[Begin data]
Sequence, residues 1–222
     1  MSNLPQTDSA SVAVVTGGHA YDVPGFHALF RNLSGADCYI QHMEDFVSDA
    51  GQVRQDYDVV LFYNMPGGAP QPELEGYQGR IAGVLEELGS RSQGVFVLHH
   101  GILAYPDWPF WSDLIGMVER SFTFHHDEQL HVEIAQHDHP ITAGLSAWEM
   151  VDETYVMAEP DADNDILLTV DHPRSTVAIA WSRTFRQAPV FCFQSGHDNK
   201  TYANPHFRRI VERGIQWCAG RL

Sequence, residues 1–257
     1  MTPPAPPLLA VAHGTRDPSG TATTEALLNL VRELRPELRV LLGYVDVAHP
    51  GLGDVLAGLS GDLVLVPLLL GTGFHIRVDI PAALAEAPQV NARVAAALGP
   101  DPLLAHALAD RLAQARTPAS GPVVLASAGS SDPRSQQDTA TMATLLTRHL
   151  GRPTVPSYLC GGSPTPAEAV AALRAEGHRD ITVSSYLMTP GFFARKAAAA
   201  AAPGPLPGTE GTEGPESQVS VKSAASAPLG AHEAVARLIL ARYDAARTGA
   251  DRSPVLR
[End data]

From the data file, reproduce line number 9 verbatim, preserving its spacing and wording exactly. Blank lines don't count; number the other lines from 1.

    51  GLGDVLAGLS GDLVLVPLLL GTGFHIRVDI PAALAEAPQV NARVAAALGP